- The Short-Time Fourier Transform and the Spectrogram
- A Matrix Interpretation of the Discrete Fourier Transform
- A Matrix Interpretation of the Fast Fourier Transform Algorithm
The -transform is an important signal-processing tool for analyzing the interaction between signals and systems. A significant advantage of the -transform over the discrete-time Fourier transform is that the -transform exists for many signals that do not have a discrete-time Fourier transform. Thus, it is a more general analysis tool. In this series of 13 lessons you will learn how to work with the -transform and use it to characterize signal processing systems. You will learn how the poles and zeros of a system tell us whether the system can be both stable and causal, and whether it has a stable and causal inverse system. You will also learn how the pole and zero locations of a system give us insight into the nature of its frequency and impulse response. The insights gained with the -transform are particularly useful for designing frequency-selective filters.
- Minimum-Phase and All-Pass Systems
- Frequency Response Magnitude and Poles and Zeros
- Impulse Response and Poles and Zeros
- Inversion of the -Transform: Partial Fraction Expansion
- Properties of the -Transform
- -Transform Analysis of LTI Systems
- Stability and Causality of LTI Systems Described by Difference Equations
- Inverse Systems for LTI Systems Described by Difference Equations
- Introduction to the -Transform
- The Region of Convergence for the -Transform
- Poles and Zeros of the -Transform - Free Lesson
- Properties of the Region of Convergence
- Inversion of the -Transform via Power Series Expansion
Intro to Filter Design
This series of four lessons sets the context for the subsequent two series on designing frequency selective filters. You will learn the different types of frequency selective filters and the difference between infinite and finite impulse response (IIR and FIR) filters. You will also learn how group delay characterizes the phase distortion introduced by a filter and how to implement zero-phase filters when all the data to be filtered is already stored. This series will provide insight that helps you master IIR and FIR filter design in the next two series.
IIR Filter Design
Infinite impulse response or IIR filters are designed using well-established designs for continuous-time filters. In this series of eight lessons you will learn the characteristics of the four widely used types of IIR filters and the principles of converting a continuous-time prototype filter to a discrete-time filter that satisfies your design specifications. In practice the steps of the design process are normally performed using a software package such as MATLAB. You will learn the rationale behind and limitations of IIR filter design methodology. Examples of both good and poor quality filter designs are provided so you can recognize when your design is effective and when it is problematic.
- IIR Filter Design Procedure
- Analog Filters Used for IIR Filter Design
- Continuous-Time Butterworth Filters
- Continuous-Time Chebyshev and Elliptic Filters
- Frequency Transformations for Continuous-Time Systems
- The Bilinear Transform
- IIR Filter Examples Designed Using MATLAB - Free Lesson
- Poor IIR Filter Designs: Don't Make These Mistakes
FIR Filter Design
Finite impulse response or FIR filters have the advantage of always being stable, even for very high orders, and can be designed to introduce no phase distortion. In this series of six lessons you will learn about the conditions for an FIR filter to introduce no phase distortion and three different methods for FIR filter design. You will learn about the intuitive, able-to-be-performed-with-pencil-and-paper window design method. You will also learn about the minimax optimal Parks-McClellan computer-based filter design method. The third method uses the technique of frequency sampling to obtain designs with arbitrary magnitude and phase response.
Random Signal Characterization
The ability to deal with uncertainty in the characteristics of signals is a very important part of advanced signal processing methods. This series of seven lessons introduces you to tools from probability for describing signals that are modeled as having random characteristics. You will learn about auto- and cross-correlation for describing random signals in the time domain, and power spectra, cross spectra, and coherence for describing random signals in the frequency domain. You will also learn how to represent random signals as the output of a linear time-invariant system with white noise input using autoregressive, moving average, and autoregressive moving average models.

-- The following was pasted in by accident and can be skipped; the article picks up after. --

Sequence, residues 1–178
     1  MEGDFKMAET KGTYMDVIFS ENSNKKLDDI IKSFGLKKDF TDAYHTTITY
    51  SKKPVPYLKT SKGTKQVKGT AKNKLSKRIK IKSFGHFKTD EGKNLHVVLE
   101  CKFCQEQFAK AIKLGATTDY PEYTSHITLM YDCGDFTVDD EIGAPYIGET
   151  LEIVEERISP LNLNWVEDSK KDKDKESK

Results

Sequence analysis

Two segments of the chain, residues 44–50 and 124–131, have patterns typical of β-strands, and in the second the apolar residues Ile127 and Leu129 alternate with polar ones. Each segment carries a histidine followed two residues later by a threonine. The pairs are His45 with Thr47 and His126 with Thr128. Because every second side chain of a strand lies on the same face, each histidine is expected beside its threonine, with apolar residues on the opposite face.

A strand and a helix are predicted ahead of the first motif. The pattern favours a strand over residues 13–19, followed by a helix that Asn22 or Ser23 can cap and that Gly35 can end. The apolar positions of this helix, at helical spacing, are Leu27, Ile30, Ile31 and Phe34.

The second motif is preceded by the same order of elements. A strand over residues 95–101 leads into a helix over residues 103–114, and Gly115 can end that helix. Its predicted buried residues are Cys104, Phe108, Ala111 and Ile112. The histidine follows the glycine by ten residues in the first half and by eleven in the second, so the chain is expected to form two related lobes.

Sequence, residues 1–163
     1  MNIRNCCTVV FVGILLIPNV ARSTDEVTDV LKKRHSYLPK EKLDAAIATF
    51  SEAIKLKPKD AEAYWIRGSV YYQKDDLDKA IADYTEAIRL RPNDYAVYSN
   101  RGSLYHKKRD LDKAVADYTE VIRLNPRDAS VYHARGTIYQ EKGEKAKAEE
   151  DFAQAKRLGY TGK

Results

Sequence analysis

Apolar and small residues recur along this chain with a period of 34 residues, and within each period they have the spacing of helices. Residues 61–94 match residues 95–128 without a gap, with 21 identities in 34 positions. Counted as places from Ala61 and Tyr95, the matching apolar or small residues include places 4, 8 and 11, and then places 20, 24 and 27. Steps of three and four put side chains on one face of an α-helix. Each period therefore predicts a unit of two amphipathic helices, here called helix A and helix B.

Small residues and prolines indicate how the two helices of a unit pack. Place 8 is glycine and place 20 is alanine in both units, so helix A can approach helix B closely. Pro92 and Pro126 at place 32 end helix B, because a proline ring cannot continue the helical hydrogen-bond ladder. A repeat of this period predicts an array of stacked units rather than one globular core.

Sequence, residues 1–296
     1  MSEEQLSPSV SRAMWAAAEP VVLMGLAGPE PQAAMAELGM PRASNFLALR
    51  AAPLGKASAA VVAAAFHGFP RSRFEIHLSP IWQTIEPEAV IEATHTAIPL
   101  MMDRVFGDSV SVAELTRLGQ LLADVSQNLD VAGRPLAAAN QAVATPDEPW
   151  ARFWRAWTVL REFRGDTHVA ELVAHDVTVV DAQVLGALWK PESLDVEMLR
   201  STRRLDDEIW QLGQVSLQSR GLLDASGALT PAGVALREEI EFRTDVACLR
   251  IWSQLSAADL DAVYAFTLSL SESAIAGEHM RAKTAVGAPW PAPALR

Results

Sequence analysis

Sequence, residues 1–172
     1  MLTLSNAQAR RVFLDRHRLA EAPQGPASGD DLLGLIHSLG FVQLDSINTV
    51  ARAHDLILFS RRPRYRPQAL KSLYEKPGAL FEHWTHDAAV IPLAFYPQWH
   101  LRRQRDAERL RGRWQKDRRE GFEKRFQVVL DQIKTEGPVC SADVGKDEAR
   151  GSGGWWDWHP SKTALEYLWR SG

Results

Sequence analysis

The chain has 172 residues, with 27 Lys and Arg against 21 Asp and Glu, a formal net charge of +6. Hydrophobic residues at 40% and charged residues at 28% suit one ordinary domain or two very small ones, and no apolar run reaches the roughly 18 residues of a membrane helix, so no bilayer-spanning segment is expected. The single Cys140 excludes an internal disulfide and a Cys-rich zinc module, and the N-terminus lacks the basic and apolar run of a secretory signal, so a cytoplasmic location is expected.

Basis Representations of Signals
Representing signals as a weighted sum (or integral) of certain basis signals is a powerful signal-processing tool. It is the very essence of Fourier transforms. In this series of seven lessons you will learn the general form of basis representations. You will also learn about wavelets as an alternative basis expansion to the sinusoids of Fourier methods. You will also learn about principal component analysis, a method for choosing efficient bases for random data.
Estimation of Power Spectra and Coherence
This series of eight lessons addresses the signal-processing problem of estimating properties of a random signal from measurements. Five of the eight lessons concern estimation of frequency domain characteristics such as the power spectrum and coherence. You will learn about the periodogram and why averaging is necessary to obtain acceptable estimates of the power spectral density. You will learn how the averaged periodogram or Welch's method reduces the variance of the periodogram estimator at the expense of resolution loss. In the final two lessons you will learn about maximum likelihood estimation as a general tool for estimating unknown parameters in a random signal.
Introduction to Signal Estimation and Detection Theory
This series of six lessons introduces you to the principles of signal estimation and signal detection or hypothesis testing. You will the maximum likelihood criterion for estimation and how to classify different types of hypothesis tests and the metrics used to characterize the performance of detectors such as the probability of correct detection and the receiver operating characteristic or ROC. You will learn about the likelihood ratio, which is the optimal test of simple binary hypotheses. There are no known optimal tests for more general testing scenarios, so you will learn about the generalized likelihood ratio as a principled approach for obtaining a good test.
MMSE Filtering and Least-Squares Problems
This set of lessons covers a wide ranging set of signal-processing methods for minimum mean-squared error filtering and other applications of least squares problems occurring in estimation and imaging applications. This includes adaptive filtering methods such as the least-mean-square (LMS) algorithm.